HalenHardy engineers and manufactures its award-winning MASHH Mobile Air Shower, a downdraft booth that reduces worker exposure to respirable crystalline silica, lead and other dusts by removing them from contaminated clothing in less than 30 seconds.
Silica, often referred to as quartz, is a very common mineral. It is found in many materials common on construction sites, including soil, sand, concrete, masonry, rock, granite, and landscaping materials.
The dust created by cutting, grinding, drilling or otherwise disturbing these materials can contain crystalline silica particles. These dust particles are very small and invisible to the human eye. When these tiny silica dust shards are inhaled, they often become imbedded deep into the alveolar sacs of the lungs (where oxygen and carbon dioxide are exchanged).
WHY IS IT DANGEROUS?
Unfortunately, respirable silica dust can be hazardous and can cause silicosis, the oldest industrial disease.
As silicosis progresses, shortness of breath begins to occur and clinical tests will reveal a poor exchange of oxygen and carbon dioxide. In later stages the patient may experience persistent coughing, fatigue, extreme shortness of breath and even complete respiratory failure.
While silicosis is progressive, irreversible and incurable, NIOSH and OSHA have taken the position that silicosis is completely preventable.
SILICA DUST IN CONSTRUCTION
OSHA has determined that approximately 1.85 million workers are currently exposed to respirable crystalline silica (RCS) in construction workplaces.
More than 640,000 of these workers are likely being exposed to silica levels greater than OSHA’s proposed permissible exposure limit (PEL).
These exposures occur during common construction operations such as cutting, grinding, or abrasive blasting of silica-containing materials like concrete.
In addition to RCS exposure, there are several areas of construction that also expose workers to dangerous lead dust. This deadly combination of RCS and lead dust exposure occurs frequently during demolition, rehabilitation, or painting of structurally deficient bridges.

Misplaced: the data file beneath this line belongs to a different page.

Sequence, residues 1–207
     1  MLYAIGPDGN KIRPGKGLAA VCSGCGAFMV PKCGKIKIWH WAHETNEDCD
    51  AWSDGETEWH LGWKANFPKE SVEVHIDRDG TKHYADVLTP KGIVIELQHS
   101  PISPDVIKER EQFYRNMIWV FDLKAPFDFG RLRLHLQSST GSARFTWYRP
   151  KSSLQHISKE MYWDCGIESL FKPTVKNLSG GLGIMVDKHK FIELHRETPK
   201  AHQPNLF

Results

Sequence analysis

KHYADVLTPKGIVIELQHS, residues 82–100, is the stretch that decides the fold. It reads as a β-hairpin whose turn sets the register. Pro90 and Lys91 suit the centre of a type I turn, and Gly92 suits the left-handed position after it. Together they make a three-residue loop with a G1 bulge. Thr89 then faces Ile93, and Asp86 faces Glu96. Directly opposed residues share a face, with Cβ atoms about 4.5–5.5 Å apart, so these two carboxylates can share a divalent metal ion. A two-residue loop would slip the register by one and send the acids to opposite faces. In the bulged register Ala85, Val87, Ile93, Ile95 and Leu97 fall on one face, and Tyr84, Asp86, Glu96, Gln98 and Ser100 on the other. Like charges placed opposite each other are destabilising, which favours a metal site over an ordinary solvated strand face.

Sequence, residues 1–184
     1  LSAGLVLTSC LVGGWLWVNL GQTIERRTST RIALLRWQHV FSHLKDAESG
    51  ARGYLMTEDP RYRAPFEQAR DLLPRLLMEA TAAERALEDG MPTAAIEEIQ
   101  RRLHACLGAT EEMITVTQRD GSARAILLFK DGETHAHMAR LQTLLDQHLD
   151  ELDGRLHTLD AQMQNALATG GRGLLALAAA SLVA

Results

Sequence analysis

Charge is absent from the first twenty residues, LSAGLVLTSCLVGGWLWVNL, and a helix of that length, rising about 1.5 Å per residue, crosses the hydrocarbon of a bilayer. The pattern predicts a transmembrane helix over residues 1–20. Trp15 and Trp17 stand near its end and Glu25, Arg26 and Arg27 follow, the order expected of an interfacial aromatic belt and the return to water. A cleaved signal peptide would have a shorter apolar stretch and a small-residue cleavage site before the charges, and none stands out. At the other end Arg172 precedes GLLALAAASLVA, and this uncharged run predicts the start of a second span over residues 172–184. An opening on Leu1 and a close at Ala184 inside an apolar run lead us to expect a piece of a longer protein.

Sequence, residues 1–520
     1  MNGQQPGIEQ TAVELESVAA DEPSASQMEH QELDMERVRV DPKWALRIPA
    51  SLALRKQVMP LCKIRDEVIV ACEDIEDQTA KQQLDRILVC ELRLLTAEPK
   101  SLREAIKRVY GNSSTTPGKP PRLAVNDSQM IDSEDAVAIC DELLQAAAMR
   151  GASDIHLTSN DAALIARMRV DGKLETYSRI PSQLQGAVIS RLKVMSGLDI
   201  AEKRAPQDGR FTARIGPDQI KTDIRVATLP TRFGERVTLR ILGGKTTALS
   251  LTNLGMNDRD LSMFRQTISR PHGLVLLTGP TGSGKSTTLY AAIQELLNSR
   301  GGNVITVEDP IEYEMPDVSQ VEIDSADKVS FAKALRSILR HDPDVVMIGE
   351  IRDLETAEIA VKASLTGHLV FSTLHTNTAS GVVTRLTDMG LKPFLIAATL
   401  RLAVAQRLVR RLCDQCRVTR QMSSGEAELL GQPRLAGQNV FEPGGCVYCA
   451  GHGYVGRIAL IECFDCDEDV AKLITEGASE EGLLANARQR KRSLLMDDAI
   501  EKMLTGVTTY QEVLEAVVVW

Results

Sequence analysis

The U.S. has more than 90,000 bridges coated with lead-based paint.
TODAY’S CLOTHES CLEANING METHODS: INEFFECTIVE, INNEFFICIENT OR PROHIBITED
Based on government studies, industry interviews, and general observations, it was clear that the vast majority of companies engaged in silica-related industries were not utilizing “best practices” for their employees’ clothes cleaning. The documented and observed practices included:
1) DOING NOTHING. SIMPLY WEARING CONTAMINATED CLOTHING DURING BREAKS AND ON THE WAY HOME
Obviously, doing nothing to clean contaminated clothing is the worst possible scenario for company and its workers. The worker can be forgiven for their lack of knowledge and awareness, but the company is ultimately responsible for the health and safety of its workers.
2. USING A HEPA FILTERED MANUAL VACUUMING PROCESS
From the NIOSH report, Reducing Respirable Dust Exposure of Workers Using an Improved Clothes Cleaning Process:
“The only current federally approved method to perform clothes cleaning for the U.S. Mining industry is to use a HEPA-filter vacuuming system. To perform this technique, a worker uses the vacuum hose and manually moves the nozzle over his/her soiled clothing in an attempt to remove the contamination.
This is a very difficult and time consuming task to perform. In addition, it is nearly impossible to effectively clean one’s back without additional help from a co-worker. Because of this, few workers actually use this technique and prefer to use a single compressed air hose to blow dust from their clothing, even though this is a prohibited method of cleaning.”
3. USING COMPRESSED AIR NOZZLES FOR MANUAL BLOWOFF IS DANGEROUS AND PROHIBITED BY NIOSH & OSHA
“The use of compressed air to remove dust from work clothing is prohibited by MSHA; however, because the vacuuming method is very time-consuming and ineffective, workers may attempt this illegal method of a single compressed air hose to blow dust from their clothing. Although this is a slightly more effective method than the vacuuming technique, it is also time consuming and equally difficult to clean the same hard to reach areas. The primary concern with the blowing technique is that it creates a dust cloud, elevating respirable dust levels for both the worker and coworkers in the work environment [Pollock et al. 2005].”
In addition to these shortcomings, there are also significant safety concerns. From the NIOSH report, Reducing Respirable Dust Exposure of Workers Using an Improved Clothes Cleaning Process:
“There are two federal regulations that affect the cleaning of clothes during the workday for the mining industry. The first is a mining regulation established by MSHA in 30 CFR Part 56.13020 which states: “At no time shall compressed air be directed toward a person. When compressed air is used, all necessary precautions shall be taken to protect persons from injury.”
“A second regulation is a general industry standard established by OSHA in 29 CFR 1910.242(b) stating that: “Compressed air shall not be used for cleaning purposes except where reduced to less than 206.8kPA (30psi) and then only with effective chip guard and personal protective equipment.”
MASHH TECHNICAL SPECS
Self-contained system housed in an all-weather aluminum composite enclosure
System footprint is 4’W X 8’L X 9’H
Weight is 1850lbs
The system is mounted on a skid with fork-holes on each end for easy handling. Six (6) lifting strap D-rings are also mounted on the skid.
Electric is 240V-3Phase
Programmable Logic Control (PLC) is completely programmable for cycle times, filter monitoring, operator instructions, auto shutoff, and remote monitoring
Primary and HEPA filters are standard items available through HalenHardy or multiple filter suppliers. Filter changes are the only maintenance required for the MASHH system.